TL;DR: Jolly Good Beer will collect any type of empty plastic “one way” keg for a fee of £1 +VAT per keg – our goal is to assist customers who need it with what can be a difficult waste disposal problem in many areas, and to work to ensure as much of the plastics we can consolidate in this way are recycled rather than sent to landfill. Plastic keg collections are done on delivery drops, and drivers will take as many as fits with their delivery schedule and return load expectations. Kegs must be fully empty for collection. The number of kegs collected is noted on your delivery note and added to your order ahead of invoicing. We can discuss arranging special keg collection visits on a case by case basis, there will be an added mileage based logistics fee in such cases.
Jolly Good Beer has for years worked to be part of the solution on plastic keg recycling – and it has been a difficult task. What we discovered early on is that the existing UK recycling infrastructure simply cannot handle plastic kegs – and to this day (2021-10-13) as far as we know any plastic kegs that go into standard municipal recycling streams will simply go to landfill for the most part, or for power-generating incineration in a handful of cases. To know which exactly you will need to consult with your local waste collection handler – assuming they will even answer the question. As a result of this many local waste handlers simply refuse to take plastic kegs – which created a problem for many bars as they were thus left with an item of waste they were unable to get rid of.
Early on we tried repeatedly to find a recycling chain that would take keg plastics from us – but none in the UK were willing to deal with the problem of disassembling kegs. Basically unless a plastic item is a simple single thing made of one sort of plastic it isn’t going to get recycled. And even if it is a single plastic item, such as we thought if we took the polypropylene (PP) tops and bottoms off KeyKegs, if the human sorting lines don’t recognise that item immediately it’s going to be sorted into non-recycling. So basically only simple common mass-market plastic items have much hope of ever being recycled. Whether that recyclable material is ever recycled is another matter entirely – in many cases it may be shipped off to another country and stockpiled (and in some case then infamously simply burnt) it is a global problem that the recycling of plastics is mainly broken.
At one point Yvan thought he could cut up kegs and get the more valuable clear PET into a specialist recycler. Two problems, 1) it turned out specialist recyclers only wanted super clean plastics – manufacturing waste as opposed to “used” plastic, and 2) cutting up plastic kegs isn’t actually all that simple and 80 kegs into a pile from a festival Yvan slipped with a knife, severed a radial artery, and ended up in a hospital for a few days. KeyKeg kindly sent him flowers – which is nice, considering it was no fault of their own.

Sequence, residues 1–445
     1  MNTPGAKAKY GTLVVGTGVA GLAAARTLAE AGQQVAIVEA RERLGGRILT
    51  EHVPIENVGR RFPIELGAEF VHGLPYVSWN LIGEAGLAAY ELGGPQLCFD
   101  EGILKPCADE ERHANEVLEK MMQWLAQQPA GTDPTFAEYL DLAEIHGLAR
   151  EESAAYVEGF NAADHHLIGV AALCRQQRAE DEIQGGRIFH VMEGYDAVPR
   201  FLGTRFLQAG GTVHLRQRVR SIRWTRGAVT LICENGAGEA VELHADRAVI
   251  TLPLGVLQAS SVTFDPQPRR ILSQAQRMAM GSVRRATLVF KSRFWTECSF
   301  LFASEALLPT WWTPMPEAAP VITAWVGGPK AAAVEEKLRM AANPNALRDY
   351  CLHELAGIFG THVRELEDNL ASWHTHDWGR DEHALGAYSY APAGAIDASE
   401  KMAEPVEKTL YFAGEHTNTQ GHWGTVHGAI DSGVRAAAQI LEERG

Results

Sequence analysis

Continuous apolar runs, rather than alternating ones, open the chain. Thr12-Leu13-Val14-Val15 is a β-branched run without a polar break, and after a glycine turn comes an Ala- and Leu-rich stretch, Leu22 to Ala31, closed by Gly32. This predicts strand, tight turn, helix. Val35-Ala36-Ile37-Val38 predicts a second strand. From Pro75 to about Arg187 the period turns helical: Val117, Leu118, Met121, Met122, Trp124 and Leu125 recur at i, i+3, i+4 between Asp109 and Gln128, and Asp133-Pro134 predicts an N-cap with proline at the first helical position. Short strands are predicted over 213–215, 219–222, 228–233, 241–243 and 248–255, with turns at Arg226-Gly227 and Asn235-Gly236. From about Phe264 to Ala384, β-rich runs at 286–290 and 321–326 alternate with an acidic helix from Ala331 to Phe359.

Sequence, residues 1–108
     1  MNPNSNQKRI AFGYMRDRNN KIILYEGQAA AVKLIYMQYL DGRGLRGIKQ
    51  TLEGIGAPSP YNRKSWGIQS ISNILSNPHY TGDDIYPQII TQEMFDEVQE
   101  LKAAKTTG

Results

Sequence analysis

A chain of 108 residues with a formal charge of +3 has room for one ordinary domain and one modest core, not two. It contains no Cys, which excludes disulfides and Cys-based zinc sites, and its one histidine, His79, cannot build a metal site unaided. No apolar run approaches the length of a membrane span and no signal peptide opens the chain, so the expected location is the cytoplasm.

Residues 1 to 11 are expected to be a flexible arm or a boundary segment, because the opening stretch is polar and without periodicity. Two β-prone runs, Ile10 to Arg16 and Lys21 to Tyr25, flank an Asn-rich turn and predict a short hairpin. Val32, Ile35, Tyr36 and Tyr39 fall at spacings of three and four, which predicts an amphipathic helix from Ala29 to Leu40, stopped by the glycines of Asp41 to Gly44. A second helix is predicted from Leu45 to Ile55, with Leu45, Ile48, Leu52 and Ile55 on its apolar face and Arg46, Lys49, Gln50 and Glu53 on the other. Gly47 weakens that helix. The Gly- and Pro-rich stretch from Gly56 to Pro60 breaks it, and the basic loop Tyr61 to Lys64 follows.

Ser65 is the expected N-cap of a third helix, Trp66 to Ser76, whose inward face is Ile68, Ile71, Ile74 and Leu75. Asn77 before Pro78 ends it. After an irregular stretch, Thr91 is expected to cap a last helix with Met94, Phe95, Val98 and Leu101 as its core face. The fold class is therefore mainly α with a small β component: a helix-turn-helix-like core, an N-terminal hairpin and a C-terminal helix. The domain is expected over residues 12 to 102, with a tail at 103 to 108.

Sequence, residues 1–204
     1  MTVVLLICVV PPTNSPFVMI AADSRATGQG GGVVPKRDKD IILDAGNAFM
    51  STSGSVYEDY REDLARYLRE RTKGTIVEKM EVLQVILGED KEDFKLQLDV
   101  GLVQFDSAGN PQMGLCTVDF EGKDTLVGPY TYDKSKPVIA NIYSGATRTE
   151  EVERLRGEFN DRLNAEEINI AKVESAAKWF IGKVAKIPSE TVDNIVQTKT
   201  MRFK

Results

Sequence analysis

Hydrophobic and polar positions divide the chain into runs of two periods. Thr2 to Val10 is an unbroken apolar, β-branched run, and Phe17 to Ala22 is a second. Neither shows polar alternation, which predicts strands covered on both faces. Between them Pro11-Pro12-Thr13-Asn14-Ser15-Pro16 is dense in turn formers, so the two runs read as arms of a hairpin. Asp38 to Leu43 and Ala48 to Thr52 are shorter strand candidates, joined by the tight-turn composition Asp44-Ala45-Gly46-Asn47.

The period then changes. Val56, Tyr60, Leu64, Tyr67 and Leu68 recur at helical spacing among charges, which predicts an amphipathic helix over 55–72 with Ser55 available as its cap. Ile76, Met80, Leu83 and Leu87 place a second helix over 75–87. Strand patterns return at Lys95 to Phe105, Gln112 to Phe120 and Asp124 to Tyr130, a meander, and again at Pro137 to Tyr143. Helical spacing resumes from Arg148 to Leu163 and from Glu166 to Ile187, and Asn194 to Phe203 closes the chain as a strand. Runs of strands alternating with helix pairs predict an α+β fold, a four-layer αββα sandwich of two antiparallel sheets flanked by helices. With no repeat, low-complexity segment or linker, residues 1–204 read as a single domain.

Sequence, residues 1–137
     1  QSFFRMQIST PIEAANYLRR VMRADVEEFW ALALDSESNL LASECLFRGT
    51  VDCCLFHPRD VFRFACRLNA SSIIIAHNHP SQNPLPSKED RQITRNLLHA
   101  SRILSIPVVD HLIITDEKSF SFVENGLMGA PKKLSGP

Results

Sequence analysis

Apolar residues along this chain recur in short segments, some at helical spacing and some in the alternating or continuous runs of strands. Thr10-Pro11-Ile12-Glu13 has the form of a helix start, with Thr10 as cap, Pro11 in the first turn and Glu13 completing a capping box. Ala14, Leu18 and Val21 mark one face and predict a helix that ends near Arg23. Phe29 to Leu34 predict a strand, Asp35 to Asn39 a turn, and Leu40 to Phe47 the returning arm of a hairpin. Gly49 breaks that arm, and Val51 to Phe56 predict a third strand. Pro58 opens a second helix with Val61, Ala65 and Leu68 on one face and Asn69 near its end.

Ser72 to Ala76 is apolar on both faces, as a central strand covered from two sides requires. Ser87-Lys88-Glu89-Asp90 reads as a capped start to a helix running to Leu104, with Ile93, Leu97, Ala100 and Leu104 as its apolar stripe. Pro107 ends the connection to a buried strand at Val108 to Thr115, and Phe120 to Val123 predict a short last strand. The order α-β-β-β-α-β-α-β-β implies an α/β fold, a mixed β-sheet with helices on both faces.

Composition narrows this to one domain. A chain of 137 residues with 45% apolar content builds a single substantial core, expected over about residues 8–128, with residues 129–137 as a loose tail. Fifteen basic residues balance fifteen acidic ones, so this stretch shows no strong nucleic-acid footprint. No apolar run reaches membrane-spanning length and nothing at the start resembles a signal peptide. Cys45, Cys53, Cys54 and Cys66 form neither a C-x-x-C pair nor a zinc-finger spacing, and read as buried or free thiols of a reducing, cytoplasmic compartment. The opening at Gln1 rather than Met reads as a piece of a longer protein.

The eventual best solution we found was a waste handler who was willing to guarantee the keg plastics would be sent to a facility in the UK where they are burnt in a “clean” (full capture) incinerator to generate electricity. It wasn’t a great compromise – but it was the best we could do – and that’s when Jolly Good Beer first began offering a plastic keg collection service to try and help those customers who needed a solution for the problem of disposing of plastic one-way-kegs. Then our friendly local waste handler was bought by Veolia – and it all went to pot – Veolia would not tell us what was done with the plastics, and then also massively hiked the bin charges. So that was the end of that…
Then KeyKeg stepped in to save the day – we’d been in a regular dialog with KeyKeg about trying to solve the whole problem with recycling their kegs. KeyKegs were the vast majority of the plastic kegs we were collecting, over 99% of our collected kegs were KeyKeg. Like us KeyKeg spent time talking to existing UK recycling infrastructure trying to find a company to partner with on recycling the plastics – doing a broader search for a solution than we were able to, but like us they also found no solution. So they came up with their own – and made it so central to their operational messaging that they now trade as “One Circle” to highlight the fact they’re working on building a circular lifecycle for their kegs. We of course signed up as soon as we could – and now our KeyKegs are separated into black ends and clear (with bags) bodies at our warehouse, these are baled, palletised, and when we have 20+ pallets One Circle send a lorry haul this bulk material back to the Netherlands where it is processed into plastics that feed back into KeyKeg production. And this has worked quite well since – whilst KeyKegs were the vast majority of what we collected.
But come 2021 we have a new keg variety rising in our collection volumes – PolyKeg makes bigger sales push in the UK with some new keg designs and they catch on with breweries. Unfortunately leaving us at square one with no recycling solution for 50% of our collected plastic keg volume. Kegs with stickers on the sides claiming to be “Eco” – but with no recycling solution – basically we were exactly back where we were at the start with KeyKeg – the oxymoronic situation of a single-use-plastic “eco” keg. In their favour PolyKegs are designed to be easy to disassemble – which is an advantage over handing KeyKegs (no stabbing yourself!) – but it’s moot if you then have no way to recycle the components. It seems to me rather remiss of a business in this day and age to go to market with such claims yet no recycling solution in place (an accusation we also firmly lay at the door of KeyKeg to be fair – they have developed a solution, but it took years). Us and others publicly chased PolyKeg for a solution and thankfully PolyKeg and their UK distribution partners Murphy & Son stepped forward to the challenge of providing a solution. So we were able to continue our keg collections – we have cages on site that we put PolyKegs in and a Murphy & Son lorry that passes close to us on a regular route pops in and collects these. The PolyKeg solution is not a “circular” one – but it is recycling, the plastics go to a company called Naeco and are recycled mainly into fibre used to manufacture clothing sold under the Reborn brand (after that use we suppose that it is end-of-life, I’m not sure how much clothing plastic is recycled.)